Marion Hedgepeth was a train robber and outlaw with style. “The Debonair Bandit” usually wore a suit, cravat, bowler hat and had neatly polished shoes.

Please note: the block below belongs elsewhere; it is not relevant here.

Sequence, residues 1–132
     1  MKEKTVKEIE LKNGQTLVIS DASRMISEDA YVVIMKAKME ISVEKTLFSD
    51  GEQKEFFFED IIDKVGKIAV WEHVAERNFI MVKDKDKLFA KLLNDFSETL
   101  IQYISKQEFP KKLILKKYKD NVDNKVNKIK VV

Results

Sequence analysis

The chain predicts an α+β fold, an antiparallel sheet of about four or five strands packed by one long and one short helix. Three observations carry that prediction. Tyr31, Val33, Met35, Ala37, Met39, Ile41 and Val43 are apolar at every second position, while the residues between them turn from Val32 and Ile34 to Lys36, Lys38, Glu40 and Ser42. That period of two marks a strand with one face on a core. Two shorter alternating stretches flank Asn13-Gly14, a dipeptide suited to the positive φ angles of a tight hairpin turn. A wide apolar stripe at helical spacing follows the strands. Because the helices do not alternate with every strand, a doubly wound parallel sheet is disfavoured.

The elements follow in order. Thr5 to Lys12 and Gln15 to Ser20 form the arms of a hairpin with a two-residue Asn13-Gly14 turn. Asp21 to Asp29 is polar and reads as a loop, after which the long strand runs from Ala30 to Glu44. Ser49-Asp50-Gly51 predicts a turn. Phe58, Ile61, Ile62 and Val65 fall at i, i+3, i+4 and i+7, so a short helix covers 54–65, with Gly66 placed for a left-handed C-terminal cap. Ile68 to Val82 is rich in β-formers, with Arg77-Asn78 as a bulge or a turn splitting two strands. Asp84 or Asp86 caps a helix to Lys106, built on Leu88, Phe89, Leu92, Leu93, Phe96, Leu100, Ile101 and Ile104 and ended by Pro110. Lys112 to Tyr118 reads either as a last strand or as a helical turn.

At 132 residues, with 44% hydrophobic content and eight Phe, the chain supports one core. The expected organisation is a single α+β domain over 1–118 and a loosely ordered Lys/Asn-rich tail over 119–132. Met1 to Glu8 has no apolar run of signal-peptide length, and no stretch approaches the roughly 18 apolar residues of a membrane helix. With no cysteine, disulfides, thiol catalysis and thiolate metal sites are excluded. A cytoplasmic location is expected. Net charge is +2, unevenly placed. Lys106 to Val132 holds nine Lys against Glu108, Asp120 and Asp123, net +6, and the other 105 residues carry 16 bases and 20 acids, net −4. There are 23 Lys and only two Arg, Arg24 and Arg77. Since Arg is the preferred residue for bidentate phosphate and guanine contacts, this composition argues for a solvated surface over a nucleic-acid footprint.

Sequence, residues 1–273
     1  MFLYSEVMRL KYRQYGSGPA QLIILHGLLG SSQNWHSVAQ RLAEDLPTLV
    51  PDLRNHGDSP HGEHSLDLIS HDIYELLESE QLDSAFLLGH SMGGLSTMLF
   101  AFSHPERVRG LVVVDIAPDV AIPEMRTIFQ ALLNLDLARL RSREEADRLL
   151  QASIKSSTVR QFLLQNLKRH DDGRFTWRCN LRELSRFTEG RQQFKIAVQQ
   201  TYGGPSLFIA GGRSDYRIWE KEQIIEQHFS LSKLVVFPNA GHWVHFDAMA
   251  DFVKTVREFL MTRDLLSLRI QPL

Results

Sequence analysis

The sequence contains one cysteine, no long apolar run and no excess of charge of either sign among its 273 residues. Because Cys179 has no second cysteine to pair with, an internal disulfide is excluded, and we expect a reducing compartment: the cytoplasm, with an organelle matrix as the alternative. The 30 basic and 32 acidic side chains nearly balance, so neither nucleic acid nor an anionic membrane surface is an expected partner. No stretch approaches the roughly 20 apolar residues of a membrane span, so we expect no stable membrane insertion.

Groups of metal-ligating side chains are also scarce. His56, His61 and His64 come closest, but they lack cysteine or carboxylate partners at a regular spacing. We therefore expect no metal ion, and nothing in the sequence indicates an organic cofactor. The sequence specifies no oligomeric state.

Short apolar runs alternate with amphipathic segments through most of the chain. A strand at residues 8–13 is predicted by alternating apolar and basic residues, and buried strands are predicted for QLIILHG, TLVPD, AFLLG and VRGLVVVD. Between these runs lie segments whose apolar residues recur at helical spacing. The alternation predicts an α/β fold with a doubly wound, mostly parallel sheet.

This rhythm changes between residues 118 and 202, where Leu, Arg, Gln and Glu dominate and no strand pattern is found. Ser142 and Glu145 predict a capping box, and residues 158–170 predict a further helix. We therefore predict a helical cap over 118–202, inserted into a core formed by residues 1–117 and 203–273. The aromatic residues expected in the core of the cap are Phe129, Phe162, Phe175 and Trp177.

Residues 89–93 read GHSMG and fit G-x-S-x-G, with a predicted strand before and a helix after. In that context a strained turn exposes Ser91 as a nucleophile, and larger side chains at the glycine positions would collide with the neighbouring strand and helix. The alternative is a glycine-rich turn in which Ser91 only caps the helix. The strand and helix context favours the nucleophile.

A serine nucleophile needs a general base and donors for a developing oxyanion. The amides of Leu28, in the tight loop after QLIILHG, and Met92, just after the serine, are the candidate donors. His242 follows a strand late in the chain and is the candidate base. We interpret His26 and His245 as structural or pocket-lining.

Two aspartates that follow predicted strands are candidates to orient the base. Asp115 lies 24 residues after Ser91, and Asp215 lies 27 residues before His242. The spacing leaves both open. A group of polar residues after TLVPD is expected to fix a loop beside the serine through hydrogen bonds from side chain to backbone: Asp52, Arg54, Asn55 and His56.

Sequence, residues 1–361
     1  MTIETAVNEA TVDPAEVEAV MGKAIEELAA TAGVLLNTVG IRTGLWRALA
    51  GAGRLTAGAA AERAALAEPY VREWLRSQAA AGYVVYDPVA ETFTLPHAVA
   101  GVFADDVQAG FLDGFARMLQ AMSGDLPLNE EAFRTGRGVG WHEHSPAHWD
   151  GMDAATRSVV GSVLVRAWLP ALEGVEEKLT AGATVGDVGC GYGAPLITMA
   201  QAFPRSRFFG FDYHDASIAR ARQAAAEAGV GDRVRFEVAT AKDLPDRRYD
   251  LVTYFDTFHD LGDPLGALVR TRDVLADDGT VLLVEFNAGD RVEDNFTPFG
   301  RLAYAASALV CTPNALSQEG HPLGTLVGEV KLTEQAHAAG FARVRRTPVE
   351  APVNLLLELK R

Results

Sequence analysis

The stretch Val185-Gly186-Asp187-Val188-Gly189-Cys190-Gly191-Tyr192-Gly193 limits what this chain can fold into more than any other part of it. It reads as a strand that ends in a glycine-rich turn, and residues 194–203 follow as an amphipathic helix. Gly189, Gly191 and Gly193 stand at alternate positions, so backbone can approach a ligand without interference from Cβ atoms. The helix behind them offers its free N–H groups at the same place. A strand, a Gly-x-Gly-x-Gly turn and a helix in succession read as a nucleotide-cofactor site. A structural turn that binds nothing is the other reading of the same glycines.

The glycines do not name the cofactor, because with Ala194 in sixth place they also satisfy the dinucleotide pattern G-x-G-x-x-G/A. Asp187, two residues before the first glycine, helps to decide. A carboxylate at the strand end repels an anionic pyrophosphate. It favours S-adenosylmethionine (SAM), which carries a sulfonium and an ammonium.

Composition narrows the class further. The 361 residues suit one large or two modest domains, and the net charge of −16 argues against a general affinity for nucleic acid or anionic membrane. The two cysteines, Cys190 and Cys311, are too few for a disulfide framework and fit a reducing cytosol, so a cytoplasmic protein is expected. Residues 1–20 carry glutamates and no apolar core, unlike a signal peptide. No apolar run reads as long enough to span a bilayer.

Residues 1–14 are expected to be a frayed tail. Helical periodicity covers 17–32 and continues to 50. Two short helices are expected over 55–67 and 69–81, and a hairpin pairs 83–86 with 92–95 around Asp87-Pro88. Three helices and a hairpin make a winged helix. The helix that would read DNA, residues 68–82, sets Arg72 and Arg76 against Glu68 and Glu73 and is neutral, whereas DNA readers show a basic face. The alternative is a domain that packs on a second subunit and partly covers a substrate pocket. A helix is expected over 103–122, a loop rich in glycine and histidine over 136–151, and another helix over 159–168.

That’s what he was wearing on New Year’s Eve 1910 when he entered a Chicago saloon. Hedgepeth—dying of tuberculosis and fresh out of a Nebraska prison—was robbing the place when a detective entered. He gave the outlaw a chance to surrender, but Hedgepeth opened fire instead. A gunfight ensued. The nattily attired bandit died firing his Colt, two bullets in his chest.